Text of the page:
In-Store Communication to Improve the Customer Experience

In-Store Communication to Improve the Customer Experience

Monia Melia (Department of Legal, Historical, Economic and Social Sciences, University Magna Graecia of Catanzaro, Catanzaro, Italy), Maria Colurcio (Department of Legal, Historical, Economic and Social Sciences, University Magna Graecia of Catanzaro, Catanzaro, Italy) and Angela Caridà (Department of Legal, Historical, Economic and Social Sciences, University Magna Graecia of Catanzaro, Catanzaro, Italy)
Copyright: © 2014 |Pages: 16
DOI: 10.4018/ijabe.2014100104

Abstract

The article focuses on in-store communication and investigates how retailers attempt to influence the customer shopping experience through the management of three store dimensions: physical, social and sensorial. This work deals with the in-store communication activities in the Italian pharmaceutical retailing. Results showed as the in-store communication helps retailer to create unique customer experiences. The management of the physical environment, the creation of trustfully relationships and the stimulation of the senses in the store can contribute to create an experience in consumers by affecting their cognitive, affective, emotional, social and physical responses to retailer.
Article Preview

1. Introduction

Creating favourable prerequisites for attractive customer experiences by designing the service environment allows company to differentiate itself in a particular market.

The service environment is a resource that assists customers in the value co-creation process and enables an emotional connection (Hultén, 2011). Customer experience involves the customer’s cognitive, affective, emotional, social and physical responses to a retailer (Verhoef et al., 2009). The design and perception of tangible and intangible attributes of the context in which the service occurs is relevant to stimulate and trigger the pleasure and arousal effects (Donovan & Rossiter, 1982; Zentes, Morschett & Schramm-Klein, 2007).

Therefore, in-store communication assumes a key role in interacting with consumers and influencing their perceptions and behaviours. It becomes increasingly more strategic to instil feelings in customers (in a retailing context). The in-store communication activities concern all information and communication actions developed within the store that contribute to creating a store atmosphere that evokes a positive emotional state of mind in consumers when they are visiting the store and a pleasant memory later (Zentes, Morschett & Schramm-Klein, 2007 p. 209). For retailers, in-store communication is an empowering tool that affects the decisions customers make in the store (e.g., in-store promotions,) and enhances the store atmosphere, displays, service and layout (Fam et al., 2011). For the customer, in-store communication facilitates his search process (Fam et al., 2011), influences his movements and behaviours in the store and allows the customer to become more skilled (Davies & Elliot, 2006).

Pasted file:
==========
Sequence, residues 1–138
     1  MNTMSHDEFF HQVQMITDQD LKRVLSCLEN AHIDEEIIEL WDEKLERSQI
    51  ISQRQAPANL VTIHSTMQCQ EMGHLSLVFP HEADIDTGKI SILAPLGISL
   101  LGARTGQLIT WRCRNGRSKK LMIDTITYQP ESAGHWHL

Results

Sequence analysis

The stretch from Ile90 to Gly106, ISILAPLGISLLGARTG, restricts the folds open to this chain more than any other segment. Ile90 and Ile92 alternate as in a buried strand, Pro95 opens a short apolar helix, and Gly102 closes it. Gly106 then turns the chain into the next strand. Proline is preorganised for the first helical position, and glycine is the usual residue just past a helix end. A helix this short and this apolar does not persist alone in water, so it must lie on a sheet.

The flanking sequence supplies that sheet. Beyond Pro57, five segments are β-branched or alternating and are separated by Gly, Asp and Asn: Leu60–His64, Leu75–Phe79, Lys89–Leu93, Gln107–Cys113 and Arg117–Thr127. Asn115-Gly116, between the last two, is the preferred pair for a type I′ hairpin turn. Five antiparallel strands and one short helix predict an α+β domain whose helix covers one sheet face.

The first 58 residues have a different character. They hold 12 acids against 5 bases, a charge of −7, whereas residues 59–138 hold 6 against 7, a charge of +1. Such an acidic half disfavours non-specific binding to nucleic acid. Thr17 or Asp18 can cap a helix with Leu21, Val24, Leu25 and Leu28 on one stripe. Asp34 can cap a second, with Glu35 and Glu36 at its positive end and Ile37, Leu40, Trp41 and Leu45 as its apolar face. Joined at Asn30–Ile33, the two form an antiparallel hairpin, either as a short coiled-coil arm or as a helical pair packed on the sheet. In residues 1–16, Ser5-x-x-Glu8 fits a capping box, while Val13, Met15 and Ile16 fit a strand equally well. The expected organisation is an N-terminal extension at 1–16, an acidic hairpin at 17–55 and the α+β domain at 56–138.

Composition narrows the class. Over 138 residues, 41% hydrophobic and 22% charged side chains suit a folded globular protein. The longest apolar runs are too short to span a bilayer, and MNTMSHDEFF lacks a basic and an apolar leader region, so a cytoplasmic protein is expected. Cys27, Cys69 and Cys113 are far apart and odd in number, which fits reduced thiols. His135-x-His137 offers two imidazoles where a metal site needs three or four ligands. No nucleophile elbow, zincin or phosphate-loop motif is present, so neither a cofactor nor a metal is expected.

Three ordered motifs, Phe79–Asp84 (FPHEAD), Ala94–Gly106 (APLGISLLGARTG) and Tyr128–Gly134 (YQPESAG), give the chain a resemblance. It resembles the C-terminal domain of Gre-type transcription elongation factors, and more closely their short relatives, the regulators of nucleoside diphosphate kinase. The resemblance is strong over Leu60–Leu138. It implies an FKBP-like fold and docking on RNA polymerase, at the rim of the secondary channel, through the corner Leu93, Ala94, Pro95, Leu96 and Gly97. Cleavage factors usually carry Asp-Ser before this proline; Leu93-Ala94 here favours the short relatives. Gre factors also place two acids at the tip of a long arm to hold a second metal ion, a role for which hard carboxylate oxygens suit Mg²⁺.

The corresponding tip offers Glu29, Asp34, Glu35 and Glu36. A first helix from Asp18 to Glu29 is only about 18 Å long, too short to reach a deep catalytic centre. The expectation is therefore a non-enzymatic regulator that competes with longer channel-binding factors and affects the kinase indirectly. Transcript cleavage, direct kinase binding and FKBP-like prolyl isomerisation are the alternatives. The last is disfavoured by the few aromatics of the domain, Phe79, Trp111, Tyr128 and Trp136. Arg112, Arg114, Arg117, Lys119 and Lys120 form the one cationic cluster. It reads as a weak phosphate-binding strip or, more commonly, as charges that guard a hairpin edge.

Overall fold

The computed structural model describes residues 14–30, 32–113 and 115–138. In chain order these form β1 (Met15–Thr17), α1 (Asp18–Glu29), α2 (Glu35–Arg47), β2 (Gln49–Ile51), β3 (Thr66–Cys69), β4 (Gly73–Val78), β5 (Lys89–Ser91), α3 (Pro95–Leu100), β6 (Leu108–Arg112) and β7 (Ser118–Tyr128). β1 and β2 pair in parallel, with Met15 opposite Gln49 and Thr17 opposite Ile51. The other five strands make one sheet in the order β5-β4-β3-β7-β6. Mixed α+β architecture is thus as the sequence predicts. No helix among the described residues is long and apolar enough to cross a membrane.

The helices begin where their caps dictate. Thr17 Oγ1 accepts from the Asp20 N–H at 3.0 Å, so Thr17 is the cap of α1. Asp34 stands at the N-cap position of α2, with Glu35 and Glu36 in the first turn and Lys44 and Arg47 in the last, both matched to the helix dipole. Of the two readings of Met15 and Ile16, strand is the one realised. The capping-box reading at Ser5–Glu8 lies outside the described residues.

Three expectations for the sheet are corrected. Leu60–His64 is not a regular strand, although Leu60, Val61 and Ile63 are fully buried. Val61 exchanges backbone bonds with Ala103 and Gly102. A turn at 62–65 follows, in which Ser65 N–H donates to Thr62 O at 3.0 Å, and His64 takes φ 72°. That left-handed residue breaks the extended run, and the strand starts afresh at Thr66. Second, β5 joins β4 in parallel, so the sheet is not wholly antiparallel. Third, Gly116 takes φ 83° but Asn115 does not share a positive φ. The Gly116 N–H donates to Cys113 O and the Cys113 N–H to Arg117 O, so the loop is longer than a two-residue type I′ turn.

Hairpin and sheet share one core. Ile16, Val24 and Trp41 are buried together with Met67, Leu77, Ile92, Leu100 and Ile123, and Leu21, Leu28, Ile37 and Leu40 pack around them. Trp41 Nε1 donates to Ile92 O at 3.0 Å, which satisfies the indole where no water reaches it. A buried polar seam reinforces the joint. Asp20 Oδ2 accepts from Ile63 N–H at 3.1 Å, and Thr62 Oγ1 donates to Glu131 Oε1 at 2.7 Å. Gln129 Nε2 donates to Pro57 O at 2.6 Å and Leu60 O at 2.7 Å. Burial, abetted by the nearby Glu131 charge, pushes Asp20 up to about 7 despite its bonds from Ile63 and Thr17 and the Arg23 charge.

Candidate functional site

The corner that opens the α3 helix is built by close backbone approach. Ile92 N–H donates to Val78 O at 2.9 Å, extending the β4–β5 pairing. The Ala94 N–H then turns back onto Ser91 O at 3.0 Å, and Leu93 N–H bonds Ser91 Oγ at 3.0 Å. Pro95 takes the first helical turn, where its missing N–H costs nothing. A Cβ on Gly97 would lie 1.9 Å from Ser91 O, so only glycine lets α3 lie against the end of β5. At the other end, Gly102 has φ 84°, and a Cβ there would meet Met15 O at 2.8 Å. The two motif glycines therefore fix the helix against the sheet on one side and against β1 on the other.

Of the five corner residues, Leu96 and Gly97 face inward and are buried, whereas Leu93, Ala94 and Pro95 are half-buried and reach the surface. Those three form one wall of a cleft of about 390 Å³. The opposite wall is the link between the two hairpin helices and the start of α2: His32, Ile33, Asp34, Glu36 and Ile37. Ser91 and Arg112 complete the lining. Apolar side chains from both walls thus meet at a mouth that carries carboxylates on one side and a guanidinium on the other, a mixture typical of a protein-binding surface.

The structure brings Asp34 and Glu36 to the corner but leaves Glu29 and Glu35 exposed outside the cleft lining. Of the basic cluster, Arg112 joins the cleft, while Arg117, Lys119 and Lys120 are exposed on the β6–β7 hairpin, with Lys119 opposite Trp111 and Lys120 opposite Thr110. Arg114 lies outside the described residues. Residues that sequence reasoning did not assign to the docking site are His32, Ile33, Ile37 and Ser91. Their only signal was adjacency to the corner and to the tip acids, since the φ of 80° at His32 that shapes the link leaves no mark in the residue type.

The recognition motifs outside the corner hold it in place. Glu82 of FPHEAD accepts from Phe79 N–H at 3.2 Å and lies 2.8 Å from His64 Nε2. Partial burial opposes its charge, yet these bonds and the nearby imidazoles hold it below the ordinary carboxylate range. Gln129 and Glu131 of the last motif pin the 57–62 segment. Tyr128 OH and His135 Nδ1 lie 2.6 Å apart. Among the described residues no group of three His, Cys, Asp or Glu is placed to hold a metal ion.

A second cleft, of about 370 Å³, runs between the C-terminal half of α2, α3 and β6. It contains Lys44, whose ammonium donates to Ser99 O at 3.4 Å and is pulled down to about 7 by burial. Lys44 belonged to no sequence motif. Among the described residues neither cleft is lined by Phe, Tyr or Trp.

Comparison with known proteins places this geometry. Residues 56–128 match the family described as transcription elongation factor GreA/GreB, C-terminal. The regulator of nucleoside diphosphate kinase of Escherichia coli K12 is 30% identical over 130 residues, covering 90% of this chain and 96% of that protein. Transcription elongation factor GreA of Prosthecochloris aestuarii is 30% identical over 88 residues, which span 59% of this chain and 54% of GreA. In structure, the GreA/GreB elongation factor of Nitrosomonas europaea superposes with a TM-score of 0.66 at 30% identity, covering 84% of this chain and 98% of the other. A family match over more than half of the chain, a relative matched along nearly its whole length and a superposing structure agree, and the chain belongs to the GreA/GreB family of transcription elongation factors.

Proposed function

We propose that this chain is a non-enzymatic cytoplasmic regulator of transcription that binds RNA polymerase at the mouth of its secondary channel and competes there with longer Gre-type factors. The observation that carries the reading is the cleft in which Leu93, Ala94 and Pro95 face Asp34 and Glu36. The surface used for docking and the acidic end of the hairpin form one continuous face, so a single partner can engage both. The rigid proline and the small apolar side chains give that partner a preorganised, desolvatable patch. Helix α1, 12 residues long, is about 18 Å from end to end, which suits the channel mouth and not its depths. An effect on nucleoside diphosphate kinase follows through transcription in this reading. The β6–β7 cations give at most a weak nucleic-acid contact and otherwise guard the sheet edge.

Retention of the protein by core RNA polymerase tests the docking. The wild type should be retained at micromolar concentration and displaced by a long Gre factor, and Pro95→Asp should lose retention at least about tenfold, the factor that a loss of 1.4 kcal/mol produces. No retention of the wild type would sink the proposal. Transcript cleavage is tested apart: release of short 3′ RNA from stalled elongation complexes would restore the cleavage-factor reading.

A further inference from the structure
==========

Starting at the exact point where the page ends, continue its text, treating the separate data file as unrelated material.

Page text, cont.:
The creation of a pleasant atmosphere and the offer of relevant information (e.g., price positioning, brand name, service and marketing communications) increases the customers’ feelings of enjoyment and empowerment and make them more aware and responsible for their consumption choices (Davies & Elliot, 2006). Consumers are also active and empowered thanks to the diffusion of self-service, which promotes brand competition for the consumers’ attention without the direct intervention of a sales assistant. Self-service requires a high level of customer activity (Bitner, 1992) and allows freedom and control over the shopping process and pre-purchase product evaluations. Customers can touch and smell products and examine the texture, weight and packaging of products without time limitations before committing to purchases.

Self-service has also been extended to products traditionally sold through channels and manners that are strongly anchored in the interpersonal relationships of trust between customer and seller.

In Italy, self-service has recently interested a critical business, the pharmaceutical business, which has been concerned by the deep changes resulting from government deregulation (July 2006). The so-called Bersani decree (legislative decree July 4, 2006, no. 233, law no. 248/2006), was a real breakthrough in drug distribution by providing for the liberalisation of drug sales. The main change it produced consisted of extending commercial distribution patterns to non-prescription drugs: over the counter (OTC) and without medical prescription drugs (WMP). Before this conceptual and marketing revolution occurred, customers could only buy drugs in the pharmacies. Since the end of 2006 these products are now available as well inside distribution and para-pharmaceutical shops that have sprouted up inside supermarkets and hypermarkets.

A literature review revealed that although the interest from academics and practitioners concerning the topic of in-store communication is strong, there are few empirical studies and little research about the subject. Moreover, empirical research of the pharmaceutical context is lacking.

This work deals with the in-store communication activities (Fam et al., 2011; Hultén, 2011; Hamrouni & Touzi, 2011) in the Italian pharmaceutical retailing after the deregulation.

Complete Article List

Search this Journal:
Reset
Open Access Articles: Forthcoming
Volume 8: 4 Issues (2019): Forthcoming, Available for Pre-Order
Volume 7: 4 Issues (2018): 3 Released, 1 Forthcoming
Volume 6: 4 Issues (2017)
Volume 5: 4 Issues (2016)
Volume 4: 4 Issues (2015)
Volume 3: 4 Issues (2014)
Volume 2: 4 Issues (2013)
Volume 1: 4 Issues (2012)
View Complete Journal Contents Listing